The lunar phase of Chang’E 2 was completed in nine months, with a departure from lunar orbit in June 2011. What happened next is significant. At the end of August 2011, the Chang’E 2 spacecraft was sent to Sun-Earth L-2, a stable libration point about 1,500,000 km from Earth. At this point, Earth and Sun remain fixed in space (relative to the spacecraft) and minimal fuel is needed to remain here (plans are to park the forthcoming James Webb Space Telescope here). After loitering at L-2 for about 8 months, Chang’E-2 departed in late April 2012 for an intercept and flyby of the asteroid Toutatis in December of that year. High-resolution images of Toutatis were obtained and the Chinese spacecraft entered solar orbit, where it remains to this day.

This mission sequence was highly complex and apparently completely successful. Although it accomplished a great deal scientifically, its operational significance is even greater. The ability to routinely move throughout and work in the volume of space between Earth and Moon (cislunar space) is key to both space permanence and space control. Space permanence means having vehicle assets on call in space for use as needed, as well as being able to position them at strategic spots where they can be reliably stored until required. Space control simply means the ability to provide space assets for national purposes when needed and to deny similar assets to an adversary if necessary. Both permanence and control are demonstrated by positioning satellites in cislunar space, lunar orbit, the L-points, and all parts of space in between.

These recent developments are serious but appear to have been largely overlooked in the west. I am not suggesting that China is taking hostile action in space nor am I suggesting that they intend to. But they are demonstrating that they have the ability to do so. We should always keep in mind that unlike NASA, the Chinese space program is run by their military (the People’s Liberation Army). Although we both have “dual use” technology (i.e., space capabilities that have both civilian and military use), the current focus of American scientific robotic exploration is on a variety of targets beyond cislunar space—asteroids, Mars and other planets. Our exploration of these objects is strictly for scientific (and peaceful) purposes.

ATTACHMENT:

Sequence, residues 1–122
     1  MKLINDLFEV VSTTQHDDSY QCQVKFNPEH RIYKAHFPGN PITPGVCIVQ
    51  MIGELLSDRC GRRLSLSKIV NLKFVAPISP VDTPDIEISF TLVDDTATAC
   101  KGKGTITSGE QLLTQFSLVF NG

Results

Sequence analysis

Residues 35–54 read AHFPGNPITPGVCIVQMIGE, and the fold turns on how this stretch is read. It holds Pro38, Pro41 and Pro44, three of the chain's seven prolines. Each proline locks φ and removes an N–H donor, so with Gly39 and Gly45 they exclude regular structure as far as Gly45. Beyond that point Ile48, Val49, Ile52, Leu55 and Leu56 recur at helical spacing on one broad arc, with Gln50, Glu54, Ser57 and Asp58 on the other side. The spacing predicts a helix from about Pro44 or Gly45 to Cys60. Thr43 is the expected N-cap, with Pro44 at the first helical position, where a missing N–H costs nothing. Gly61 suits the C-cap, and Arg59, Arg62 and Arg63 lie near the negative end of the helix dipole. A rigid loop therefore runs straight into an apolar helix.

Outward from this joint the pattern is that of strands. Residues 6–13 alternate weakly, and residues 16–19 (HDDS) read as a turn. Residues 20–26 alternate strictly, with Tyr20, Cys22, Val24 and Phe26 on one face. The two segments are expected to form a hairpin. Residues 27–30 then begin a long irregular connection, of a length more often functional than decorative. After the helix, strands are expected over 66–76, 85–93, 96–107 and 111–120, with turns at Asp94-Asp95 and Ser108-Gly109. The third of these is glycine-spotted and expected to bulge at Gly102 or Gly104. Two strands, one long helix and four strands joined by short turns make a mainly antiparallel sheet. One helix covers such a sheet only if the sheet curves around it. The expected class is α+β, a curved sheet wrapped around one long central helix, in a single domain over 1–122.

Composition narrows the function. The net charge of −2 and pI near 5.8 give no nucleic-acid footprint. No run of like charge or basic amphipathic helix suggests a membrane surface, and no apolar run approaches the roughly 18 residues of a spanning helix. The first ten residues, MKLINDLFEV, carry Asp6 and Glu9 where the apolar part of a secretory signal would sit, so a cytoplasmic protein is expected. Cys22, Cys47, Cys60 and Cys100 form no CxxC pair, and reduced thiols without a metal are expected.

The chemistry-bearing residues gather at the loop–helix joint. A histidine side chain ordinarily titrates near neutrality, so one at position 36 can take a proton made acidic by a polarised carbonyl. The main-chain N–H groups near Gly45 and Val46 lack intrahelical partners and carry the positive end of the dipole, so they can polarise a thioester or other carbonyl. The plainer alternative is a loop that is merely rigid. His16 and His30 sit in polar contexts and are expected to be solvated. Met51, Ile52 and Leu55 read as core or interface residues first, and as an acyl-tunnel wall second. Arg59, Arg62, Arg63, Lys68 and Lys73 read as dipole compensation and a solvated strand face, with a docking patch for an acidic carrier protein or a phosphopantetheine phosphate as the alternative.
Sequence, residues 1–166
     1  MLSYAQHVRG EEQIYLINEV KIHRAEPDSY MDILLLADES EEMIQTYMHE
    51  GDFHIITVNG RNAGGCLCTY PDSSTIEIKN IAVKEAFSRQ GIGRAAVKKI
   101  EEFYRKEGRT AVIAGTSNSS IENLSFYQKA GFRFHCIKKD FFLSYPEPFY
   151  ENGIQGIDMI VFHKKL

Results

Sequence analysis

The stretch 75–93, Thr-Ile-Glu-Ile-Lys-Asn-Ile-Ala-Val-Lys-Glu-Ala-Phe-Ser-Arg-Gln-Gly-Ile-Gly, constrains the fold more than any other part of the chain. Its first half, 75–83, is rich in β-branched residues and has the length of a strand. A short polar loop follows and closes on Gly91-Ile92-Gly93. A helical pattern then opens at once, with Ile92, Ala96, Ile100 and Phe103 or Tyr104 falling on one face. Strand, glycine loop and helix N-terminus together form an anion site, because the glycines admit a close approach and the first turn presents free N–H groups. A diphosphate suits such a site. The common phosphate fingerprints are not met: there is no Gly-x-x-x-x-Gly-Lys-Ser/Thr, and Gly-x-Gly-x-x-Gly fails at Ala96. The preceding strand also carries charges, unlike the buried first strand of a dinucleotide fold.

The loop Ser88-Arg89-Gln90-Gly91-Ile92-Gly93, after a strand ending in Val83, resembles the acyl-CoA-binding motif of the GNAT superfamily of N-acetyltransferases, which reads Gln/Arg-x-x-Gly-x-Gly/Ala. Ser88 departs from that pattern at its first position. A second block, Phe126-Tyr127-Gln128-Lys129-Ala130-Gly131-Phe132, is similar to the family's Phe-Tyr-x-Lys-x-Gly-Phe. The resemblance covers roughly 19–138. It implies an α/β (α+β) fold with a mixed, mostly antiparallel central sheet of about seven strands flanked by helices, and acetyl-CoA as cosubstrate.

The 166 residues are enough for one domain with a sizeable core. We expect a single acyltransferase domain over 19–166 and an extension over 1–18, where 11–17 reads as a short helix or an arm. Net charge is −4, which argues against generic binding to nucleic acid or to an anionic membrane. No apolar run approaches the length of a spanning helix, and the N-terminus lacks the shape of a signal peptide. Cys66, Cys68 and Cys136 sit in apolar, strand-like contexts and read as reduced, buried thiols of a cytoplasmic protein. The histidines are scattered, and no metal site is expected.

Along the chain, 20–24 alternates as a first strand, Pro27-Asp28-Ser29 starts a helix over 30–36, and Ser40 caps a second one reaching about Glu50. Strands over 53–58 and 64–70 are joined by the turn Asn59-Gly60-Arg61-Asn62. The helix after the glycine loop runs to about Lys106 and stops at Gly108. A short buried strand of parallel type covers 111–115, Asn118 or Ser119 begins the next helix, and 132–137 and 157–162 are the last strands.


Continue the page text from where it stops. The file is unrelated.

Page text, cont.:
It appears that while America continues to pursue the chimera of a human Mars mission at some future (but always unspecified) date, China is moving ahead with cislunar space dominance. They have systematically and carefully planned a logical pathway to the creation of a permanent space-faring capability. They have not yet achieved it, but looking at their progress to date, there is little doubt that they will. As virtually all of our space “applications” (i.e., communications, weather, remote sensing, GPS) assets are positioned in the various locales of cislunar space, we should be cognizant of evolving Chinese capabilities and intentions. Are we allowing ourselves to be outmaneuvered in space? Despite the happy talk of many in the space community, it remains a dangerous world.

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About Paul D. Spudis
Paul D. Spudis

Paul D. Spudis is a senior staff scientist at the Lunar and Planetary Institute in Houston, Texas. His website can be found at www.spudislunarresources.com. The opinions expressed here are his own and do not reflect the views of the Smithsonian Institution or his employer.